When the fetus is shown to be at risk of being affected by the maternal antibody, the next question is whether and when treatment may be required. In other words, is the baby already anaemic? Recent advances in ultrasound technology have made a significant difference to resolving this problem. When an adult is anaemic, the heart pumps harder to maintain oxygen delivery to the tissues. Anaemic blood is also less viscous and so for both these reasons it flows faster. The same is true in fetal life, so by using Doppler ultrasound it is possible to measure the speed of blood in the vessels in the head to indicate when treatment is required.

Laser surgery

The first fetal condition to be treated by laser surgery was twin-to-twin transfusion syndrome, where the blood of identical twins sharing a placenta becomes trapped in one at the expense of the other. With this condition there is a very high chance of the pregnancy being lost, or of surviving babies being injured. By passing a fine telescope into the uterus, it is possible to see the joining vessels and then block them with laser treatment and so stop the flow of blood from one twin to the other. Recently we have also developed a way of using laser treatment under ultrasound guidance to stop the circulation of blood from a healthy baby into a twin with no heart beat. Without such treatment, which can now be administered to outpatients under local anaesthetic, most of these pregnancies would be lost or delivered very prematurely.

Laser treatment can now be administered to outpatients under local anaesthetic, saving many babies who would otherwise be lost or very premature

Preterm labour

Although fetal medicine is moving fast, some important areas are proving very difficult because of the complexity of the pathology involved. Birth before 37 weeks of pregnancy occurs in about five per cent of pregnancies, giving more than 40,000 preterm deliveries in the UK every year. It is a major cause of perinatal mortality, illness and handicap worldwide. The most common reason for this condition is that uterine contractions start prematurely, either because the normal mechanism of labour has been triggered too early, or because an abnormal mechanism has occurred instead. By studying biopsies of uterine muscle we are exploring how hormones and other physiological agents activate or inhibit contractions. Research in collaboration with the departments of Biochemistry and Pharmacology at Bristol University will increase our understanding of how hormones influence uterine activity through specific receptor molecules in the uterine muscle. Moreover, research in collaboration with the University of the West of England will look at better ways to diagnose and predict preterm labour, by looking for changes in uterine tissue and in the maternal and fetal circulations.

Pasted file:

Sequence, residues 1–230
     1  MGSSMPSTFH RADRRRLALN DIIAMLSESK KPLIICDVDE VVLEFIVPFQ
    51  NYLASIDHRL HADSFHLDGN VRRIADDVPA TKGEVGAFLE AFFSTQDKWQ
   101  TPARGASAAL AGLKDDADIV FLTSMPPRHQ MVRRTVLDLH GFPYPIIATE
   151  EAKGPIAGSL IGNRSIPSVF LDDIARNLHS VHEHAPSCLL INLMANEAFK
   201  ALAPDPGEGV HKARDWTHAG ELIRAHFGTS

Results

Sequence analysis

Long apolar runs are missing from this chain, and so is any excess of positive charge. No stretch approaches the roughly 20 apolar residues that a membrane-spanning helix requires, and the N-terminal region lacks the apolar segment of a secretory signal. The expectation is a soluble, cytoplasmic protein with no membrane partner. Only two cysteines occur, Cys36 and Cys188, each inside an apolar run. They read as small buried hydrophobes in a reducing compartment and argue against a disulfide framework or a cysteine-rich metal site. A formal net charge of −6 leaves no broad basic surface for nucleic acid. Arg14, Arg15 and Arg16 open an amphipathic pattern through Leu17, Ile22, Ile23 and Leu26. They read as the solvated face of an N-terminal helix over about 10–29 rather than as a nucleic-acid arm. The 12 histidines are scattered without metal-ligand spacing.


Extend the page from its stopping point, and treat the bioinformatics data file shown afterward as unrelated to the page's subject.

And in the future

This combination of skills and resources in both the NHS and University departments within Bristol is continuing to produce clinical innovations and scientific advances in the diseases of the unborn. In the next few years, we hope to work even more closely with other experts within the faculties of Medicine and Science to approach the questions that can now be addressed because of a combination of access and testable hypotheses. We also wish to extend research to events even earlier in pregnancy than is currently possible and so understand the activities relating to the formation of sperm and eggs, as well as those in embryology already under way in our Reproductive Medicine Unit.

Peter Soothill / Andrés López Bernal